Google going all Facebook

I've expected Facebook to continually violate people's privacy expectations, to the point that the only private things I post on Facebook anymore are the kids' names and photos from when I'm traveling.  Nothing more private than that.

Google, I trusted a little more. But I'm coming to the realization that it's the Stockholm syndrome. After all, Google has my email (gmail), my photos (Picasa), blog (Blogger), calendar (Calendar) and even searches for directions (Google Maps).  I just have to hope they won't be evil.

I realized that there was something awry when I received an email from a professional contact (someone I meet maybe once a year at conferences).  "Thanks for sending your photos," he emailed, going on to talk about something else.  Photos? I didn't recall sending him any photos.

Example of the email that you would get from Picasa
if anyone in your Gmail contacts list
updates their unlisted Picasa album.  Infuriatingly, the publisher
of the photos can not tell
Picasa to not spam their entire Gmail contact list.
The receivers have to go into their Picasa albums account and tell
Google not to send them these spam emails.
Then a couple of days ago, my email box got flooded with emails about the updates that an ex-colleague had made to her photo album.  This was strange, but I put it down to her mailbox or photo account getting hacked.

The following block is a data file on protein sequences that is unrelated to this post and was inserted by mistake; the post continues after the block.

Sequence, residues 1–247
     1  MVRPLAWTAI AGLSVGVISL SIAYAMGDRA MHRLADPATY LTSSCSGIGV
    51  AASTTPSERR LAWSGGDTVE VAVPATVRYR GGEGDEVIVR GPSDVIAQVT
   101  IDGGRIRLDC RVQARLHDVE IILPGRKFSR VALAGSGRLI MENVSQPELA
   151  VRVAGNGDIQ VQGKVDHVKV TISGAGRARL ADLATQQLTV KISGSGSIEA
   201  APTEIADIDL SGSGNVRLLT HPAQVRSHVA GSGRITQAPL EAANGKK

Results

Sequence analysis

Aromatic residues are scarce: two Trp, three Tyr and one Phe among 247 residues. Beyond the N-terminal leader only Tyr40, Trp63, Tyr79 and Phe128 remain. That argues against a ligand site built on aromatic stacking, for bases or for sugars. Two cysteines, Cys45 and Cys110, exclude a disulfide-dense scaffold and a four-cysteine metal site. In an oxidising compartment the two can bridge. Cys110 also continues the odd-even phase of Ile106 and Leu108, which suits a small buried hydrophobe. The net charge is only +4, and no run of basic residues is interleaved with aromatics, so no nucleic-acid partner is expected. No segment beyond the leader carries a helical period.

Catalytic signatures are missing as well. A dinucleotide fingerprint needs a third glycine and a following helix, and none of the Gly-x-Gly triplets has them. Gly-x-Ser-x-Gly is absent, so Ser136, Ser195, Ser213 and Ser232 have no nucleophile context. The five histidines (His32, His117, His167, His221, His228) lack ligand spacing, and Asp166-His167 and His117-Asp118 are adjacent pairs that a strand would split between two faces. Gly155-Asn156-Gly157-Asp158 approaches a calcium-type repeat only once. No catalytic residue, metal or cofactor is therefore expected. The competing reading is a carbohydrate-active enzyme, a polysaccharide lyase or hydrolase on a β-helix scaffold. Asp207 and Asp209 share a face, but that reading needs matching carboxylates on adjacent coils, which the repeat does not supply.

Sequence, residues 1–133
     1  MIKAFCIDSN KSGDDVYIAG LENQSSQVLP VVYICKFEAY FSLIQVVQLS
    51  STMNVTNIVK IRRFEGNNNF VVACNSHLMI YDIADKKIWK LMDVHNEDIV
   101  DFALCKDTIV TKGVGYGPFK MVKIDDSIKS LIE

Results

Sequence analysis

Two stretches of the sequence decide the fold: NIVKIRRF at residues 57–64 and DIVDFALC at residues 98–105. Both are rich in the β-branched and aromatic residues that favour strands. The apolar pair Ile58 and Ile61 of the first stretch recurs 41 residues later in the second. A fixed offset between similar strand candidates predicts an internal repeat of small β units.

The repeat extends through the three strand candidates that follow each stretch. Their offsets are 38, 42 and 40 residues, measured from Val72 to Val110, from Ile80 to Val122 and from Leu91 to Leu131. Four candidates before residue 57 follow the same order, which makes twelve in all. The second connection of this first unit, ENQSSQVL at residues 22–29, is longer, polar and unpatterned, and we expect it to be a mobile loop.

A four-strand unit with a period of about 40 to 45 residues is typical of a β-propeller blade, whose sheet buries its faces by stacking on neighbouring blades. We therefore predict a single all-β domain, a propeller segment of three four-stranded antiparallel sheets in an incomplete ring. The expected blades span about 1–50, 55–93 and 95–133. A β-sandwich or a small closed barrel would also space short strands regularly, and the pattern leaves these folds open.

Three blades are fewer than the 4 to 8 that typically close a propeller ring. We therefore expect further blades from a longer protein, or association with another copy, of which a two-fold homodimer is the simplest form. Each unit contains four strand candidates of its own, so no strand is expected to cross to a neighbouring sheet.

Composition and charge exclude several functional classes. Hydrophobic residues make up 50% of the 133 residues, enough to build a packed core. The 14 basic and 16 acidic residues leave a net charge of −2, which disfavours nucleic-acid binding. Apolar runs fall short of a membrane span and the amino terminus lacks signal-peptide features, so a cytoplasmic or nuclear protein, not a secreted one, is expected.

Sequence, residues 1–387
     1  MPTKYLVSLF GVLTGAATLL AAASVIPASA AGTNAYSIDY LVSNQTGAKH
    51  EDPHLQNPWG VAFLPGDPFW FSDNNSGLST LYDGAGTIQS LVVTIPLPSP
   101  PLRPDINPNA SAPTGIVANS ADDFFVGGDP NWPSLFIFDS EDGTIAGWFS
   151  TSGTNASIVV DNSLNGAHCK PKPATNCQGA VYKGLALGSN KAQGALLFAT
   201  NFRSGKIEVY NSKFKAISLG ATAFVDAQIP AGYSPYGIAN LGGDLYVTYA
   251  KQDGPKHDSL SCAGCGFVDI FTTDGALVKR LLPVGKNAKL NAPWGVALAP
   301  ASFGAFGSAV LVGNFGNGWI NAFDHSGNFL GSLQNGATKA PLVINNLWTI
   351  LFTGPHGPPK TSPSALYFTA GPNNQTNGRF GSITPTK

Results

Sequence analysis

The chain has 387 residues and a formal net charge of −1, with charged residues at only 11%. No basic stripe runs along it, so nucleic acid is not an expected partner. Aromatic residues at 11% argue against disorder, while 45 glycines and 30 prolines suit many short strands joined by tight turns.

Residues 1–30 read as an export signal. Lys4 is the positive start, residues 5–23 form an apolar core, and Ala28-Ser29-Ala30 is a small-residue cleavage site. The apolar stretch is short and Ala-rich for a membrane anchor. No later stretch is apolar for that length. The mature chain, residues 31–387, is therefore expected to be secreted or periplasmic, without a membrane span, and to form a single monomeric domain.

Then, today, one of my friends asked when I'd gone to Texas. Turned out that Picasa had sent him a link to my entire album (including photos from a Texas camping trip a couple of years ago) because I happened to upload some recent photos to it.

This is Google trying to be more social and tarnishing their reputation in the process.  The problem is that Google sends you an email about X's new photos if you've ever emailed X from your Gmail account -- and this tends to include casual contacts.  To make matters worse, there is no way to tell Picasa to not send such emails whenever you upload changes (you can only block individuals from "following" you entirely, but that's not the same thing).  Even if the album is unlisted, anybody following you is going to be notified. And, of course, Google subscribes you to such email digests by default. You can, however, turn off receiving such emails.  Go to Picasa's settings and to email notifications and click the box that tells Picasa to not send you email digests of recent Picasa activity by people in your contact list.


  1. Oh, how pesky. It should be obvious to these social networking sites that we have many different social circles -- some concentric, some overlapping, some entirely separate -- and no one wants to share everything with everybody.

  2. My "Starred Photos" is an unlisted album. Not private, but not public either. In fact, I have no public albums. So, this is all quite annoying and quite scary.